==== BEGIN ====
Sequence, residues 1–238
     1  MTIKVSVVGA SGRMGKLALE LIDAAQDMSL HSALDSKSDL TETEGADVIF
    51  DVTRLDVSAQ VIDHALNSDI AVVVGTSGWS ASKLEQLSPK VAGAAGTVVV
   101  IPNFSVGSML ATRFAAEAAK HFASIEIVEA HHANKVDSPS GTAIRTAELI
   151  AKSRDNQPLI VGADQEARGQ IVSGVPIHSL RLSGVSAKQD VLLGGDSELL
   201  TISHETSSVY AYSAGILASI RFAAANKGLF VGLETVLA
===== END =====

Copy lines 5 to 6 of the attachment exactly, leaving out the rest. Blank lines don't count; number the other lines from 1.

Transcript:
   151  AKSRDNQPLI VGADQEARGQ IVSGVPIHSL RLSGVSAKQD VLLGGDSELL
   201  TISHETSSVY AYSAGILASI RFAAANKGLF VGLETVLA